I’m always fascinated with how Ruben Navarette hits the nail on the head but he’s actually not pinning two things together.

In due time, I’m sure the institutionalized youth part of the non-profit industrial complex will come out with some “strategic messaging” to counter this. They may even hit the nail on the head with some headline that resembles “we are fighting for our families and communities” and yet, fail to give a counter-narrative to Mr. Navarette.

Mr. Navarette is essentially right when he calls certain “Dreamers” entitled. There are certainly some in the so-called movement who think they are better than “the hardworking and humble folks who cut your lawn, clean your house or care for your kids.” He is also on the mark for noting that this entitlement exists because “Dreamers” are American. What he doesn’t divulge into is the entitlement that it takes for Americans to occupy a stolen land, make laws that exclude people from citizenship on the basis of race, gender, and sexuality, and demand that people assimilate to become a part of the fictionalized narrative of the American dream.

Why would anyone be surprised then, that some “Dreamers” act that very same way, with a better-than-thou mentality? They are mostly Americans after all. They are bound to have a “I am better than you” mentality. In order to become part of the fabric of America, “Dreamers” do need to show that they are better than the other kinds of immigrants. They need to show “exceptionalism.” And they need to show that they are not a threat to the establishment in order to become part of it. They need to show that they are essentially American. And in doing so, there will be people who get thrown underneath the bus.

But there is more going on here, in terms of entitlement. I’m sure that the same was said about the people of color who sat at the front of the bus to desegregate it, the people of color who took over lunch counter-tops at segregated restaurants and the people who wanted their kids to attend a whites-only school — “entitlement.” I am not drawing parallels to show that the situation “Dreamers” find themselves in is similar to segregation and apartheid. I am drawing parallels to show that minorities have historically been told that they are “not in their place” and think they are “entitled” when they start agitating for more than just crumbs.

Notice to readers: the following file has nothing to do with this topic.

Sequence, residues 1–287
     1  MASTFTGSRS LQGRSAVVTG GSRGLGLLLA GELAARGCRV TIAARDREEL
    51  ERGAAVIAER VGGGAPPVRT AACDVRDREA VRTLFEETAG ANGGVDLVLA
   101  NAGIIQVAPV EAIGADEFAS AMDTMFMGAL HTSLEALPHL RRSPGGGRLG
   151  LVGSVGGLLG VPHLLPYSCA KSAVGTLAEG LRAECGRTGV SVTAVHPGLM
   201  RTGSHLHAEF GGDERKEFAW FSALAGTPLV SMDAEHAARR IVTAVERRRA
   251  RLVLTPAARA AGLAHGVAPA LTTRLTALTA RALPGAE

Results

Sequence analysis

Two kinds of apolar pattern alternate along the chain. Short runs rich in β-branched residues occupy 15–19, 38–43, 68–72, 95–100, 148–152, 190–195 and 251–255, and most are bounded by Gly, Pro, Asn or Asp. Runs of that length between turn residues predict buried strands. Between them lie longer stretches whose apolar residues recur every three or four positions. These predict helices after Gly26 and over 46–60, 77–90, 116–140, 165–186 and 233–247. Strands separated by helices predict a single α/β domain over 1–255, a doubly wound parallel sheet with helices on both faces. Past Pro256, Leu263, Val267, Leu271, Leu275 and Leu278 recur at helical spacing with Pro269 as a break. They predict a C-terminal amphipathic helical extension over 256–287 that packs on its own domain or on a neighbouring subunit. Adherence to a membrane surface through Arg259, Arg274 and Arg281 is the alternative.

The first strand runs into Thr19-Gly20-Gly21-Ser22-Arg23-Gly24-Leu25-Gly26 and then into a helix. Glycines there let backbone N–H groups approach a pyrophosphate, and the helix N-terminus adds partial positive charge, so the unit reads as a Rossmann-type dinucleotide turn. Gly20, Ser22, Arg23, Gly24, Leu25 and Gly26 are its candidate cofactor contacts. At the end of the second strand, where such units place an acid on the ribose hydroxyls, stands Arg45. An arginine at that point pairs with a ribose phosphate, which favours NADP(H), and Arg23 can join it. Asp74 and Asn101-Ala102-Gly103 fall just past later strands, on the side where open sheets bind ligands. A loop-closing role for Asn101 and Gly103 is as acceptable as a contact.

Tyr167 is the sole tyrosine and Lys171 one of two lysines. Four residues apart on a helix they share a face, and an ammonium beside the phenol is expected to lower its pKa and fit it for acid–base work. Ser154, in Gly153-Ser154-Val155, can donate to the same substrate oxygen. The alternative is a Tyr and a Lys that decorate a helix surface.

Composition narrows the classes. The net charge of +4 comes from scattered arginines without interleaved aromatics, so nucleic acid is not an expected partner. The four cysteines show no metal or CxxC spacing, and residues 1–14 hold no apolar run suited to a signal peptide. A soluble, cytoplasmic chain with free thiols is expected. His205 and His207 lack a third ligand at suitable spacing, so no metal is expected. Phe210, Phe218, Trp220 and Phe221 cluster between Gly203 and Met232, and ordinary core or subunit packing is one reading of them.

Entitlement is not new or confined to Dreamers. This better-than-thou mentality comes from those in power. It comes from living in unequal conditions. And the history of oppression– ranging from lord and serf to master and slave to haves and have-nots–signals that such unequal conditions not only dehumanize and denigrate the ones at the bottom. They also dehumanize and denigrate the ones at the top, stripping them of both humanity and power. For real social transformation to happen then, certain people need to lose a lot of power that they feel entitled to and certain people need to gain power that has been historically denied to them. It is that entitlement to privilege and power at the top that prevents us from moving forward — not “Dreamers” with their demands to a pathway to citizenship.

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